You realise that you are all on the journey and no one is judging you and therefore you don’t wish you had someone else’s body. You see your body changing and this is the greatest reward.

5. On the day that you feel particularly fat, you discover that this is really just your imagination. It may be truer for women than men, but we have days when nothing can convince us that we look good. I promise though that the day you feel particularly fat on, you look just as amazing as 4 hours before; you’re just used to putting yourself down. Also, remember, the hormones play tricks on us. So give up on an argument every once in a while, it may not be you talking.


6. The pace doesn’t matter.

Sometimes you wish the changes took place quicker, but unless you take steroids, your body will only change as quickly as it is genetically programmed to change. As a facilitating activity, you can take your full body pictures once a week or once every fortnight. You will see the change and you will realise that the speed of the progress doesn’t matter, as long as you keep moving forward. So don’t put yourself down for not having that six-pack yet, or not getting that promotion you are waiting on. Life has its own pace. You do everything you can to make each day count, but don’t worry about tomorrow.


7. Your sports bra is both your friend and your foe.

Sports bras are made for at least one purpose. To make sure you look like a Wonder Woman. I swear they must be bullet-proof because once they are on, nothing escapes them and nothing gets under them. They are a god-send when you work out, holding everything in place, but they are a pain to take off when you are done for the day and dripping with sweat. You find yourself performing a very peculiar dance trying to get them off.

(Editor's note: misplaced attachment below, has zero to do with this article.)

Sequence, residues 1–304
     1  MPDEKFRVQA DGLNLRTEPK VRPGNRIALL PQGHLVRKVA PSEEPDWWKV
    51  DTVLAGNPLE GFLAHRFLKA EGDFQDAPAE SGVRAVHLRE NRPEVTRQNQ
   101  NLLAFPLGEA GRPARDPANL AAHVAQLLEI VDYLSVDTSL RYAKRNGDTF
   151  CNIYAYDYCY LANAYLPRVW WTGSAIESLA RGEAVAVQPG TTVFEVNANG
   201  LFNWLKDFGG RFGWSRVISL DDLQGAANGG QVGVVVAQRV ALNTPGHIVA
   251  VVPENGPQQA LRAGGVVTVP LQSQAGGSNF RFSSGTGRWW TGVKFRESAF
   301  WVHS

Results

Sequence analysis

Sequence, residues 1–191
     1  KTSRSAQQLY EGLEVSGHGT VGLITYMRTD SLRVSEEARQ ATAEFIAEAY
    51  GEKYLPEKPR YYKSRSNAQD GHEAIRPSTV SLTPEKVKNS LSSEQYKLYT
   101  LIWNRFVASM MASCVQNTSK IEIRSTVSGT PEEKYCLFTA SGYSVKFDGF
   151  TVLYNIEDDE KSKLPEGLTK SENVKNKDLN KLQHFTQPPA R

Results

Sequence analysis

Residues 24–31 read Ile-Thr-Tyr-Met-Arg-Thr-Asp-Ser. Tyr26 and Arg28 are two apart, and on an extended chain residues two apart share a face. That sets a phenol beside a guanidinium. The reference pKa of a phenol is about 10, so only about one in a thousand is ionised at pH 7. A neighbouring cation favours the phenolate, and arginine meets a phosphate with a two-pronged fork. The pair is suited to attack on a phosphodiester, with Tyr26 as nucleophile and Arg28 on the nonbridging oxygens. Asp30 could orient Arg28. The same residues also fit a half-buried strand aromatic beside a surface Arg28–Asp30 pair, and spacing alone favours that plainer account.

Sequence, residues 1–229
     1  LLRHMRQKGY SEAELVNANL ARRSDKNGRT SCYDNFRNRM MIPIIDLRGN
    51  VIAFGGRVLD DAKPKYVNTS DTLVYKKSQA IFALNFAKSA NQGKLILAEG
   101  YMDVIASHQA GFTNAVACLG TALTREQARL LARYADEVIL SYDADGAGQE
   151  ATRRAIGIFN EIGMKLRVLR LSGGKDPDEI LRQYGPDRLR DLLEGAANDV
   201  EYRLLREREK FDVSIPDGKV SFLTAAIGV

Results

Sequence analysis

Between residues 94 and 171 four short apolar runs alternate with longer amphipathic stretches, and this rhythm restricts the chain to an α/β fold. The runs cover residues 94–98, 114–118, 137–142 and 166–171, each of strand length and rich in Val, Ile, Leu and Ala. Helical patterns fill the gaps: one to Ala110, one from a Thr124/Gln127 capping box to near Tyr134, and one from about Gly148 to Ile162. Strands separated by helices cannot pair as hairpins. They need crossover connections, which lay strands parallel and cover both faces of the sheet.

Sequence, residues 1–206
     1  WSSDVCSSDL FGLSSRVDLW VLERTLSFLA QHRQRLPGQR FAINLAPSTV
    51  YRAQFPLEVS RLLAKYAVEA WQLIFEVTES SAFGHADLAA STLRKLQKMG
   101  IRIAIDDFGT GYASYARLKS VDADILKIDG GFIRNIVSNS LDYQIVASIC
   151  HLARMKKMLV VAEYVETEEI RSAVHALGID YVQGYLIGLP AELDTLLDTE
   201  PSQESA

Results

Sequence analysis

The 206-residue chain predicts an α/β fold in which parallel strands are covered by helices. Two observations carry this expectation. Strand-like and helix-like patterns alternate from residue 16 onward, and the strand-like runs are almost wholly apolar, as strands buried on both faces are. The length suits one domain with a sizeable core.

8. Some exercises will make you feel sick.

Some, correction, all of the exercises on my list push me to my limits, but there are some that sometimes actually make me feel quite sick. In those moments I just take a short break and remember that I only have another three series left and that time will pass anyway, whether I complete the exercise or not, but the outcome will depend solely on whether I give up or push forward. The most rewarding things in our lives are often the hardest ones to complete. Just, don’t give up yet.


9. You re-learn your anatomy.

One day you will be doing the most ordinary activity and you will notice something odd on your body. A closer examination will reveal that there is a muscle where you thought there weren’t any muscles. That’s the moment you have to contain your smile, because people will think that you won a million pounds, dollars or whichever currency you abide by and they will react very badly when they hear your explanation that you just discovered a new muscle.


10. Regardless how many kilograms you lift you learn not to make a peep. Ever.

Working out is hard. Sometimes you pant and sometimes you scream when the muscles feel like they are going to pop (especially when you are doing crunches). But the first time you make noise you notice interested looks, so you quickly learn to keep it to yourself. Sometimes you hear some prime mates giving out battle cries as they dead lift 150kg, but you do not dead lift 150kg and you are not a prime mate. And no, you are not looking for a mate at the gym either.

11. There are moments when you’re asking yourself whether or not the gym became your new relationship.

You began to put aside time for exercise very religiously. You friends start hearing the word “gym” much more than anything else. You start building your schedule around essential activities like work, school, food and gym. When someone is asking you out on a date, you choose the non-gym day to make sure that you have time to get ready. You also automatically disqualify any man who is asking you to “skip” the gym to see him instead.


12. There are moments when you question yourself about the meaning of your life.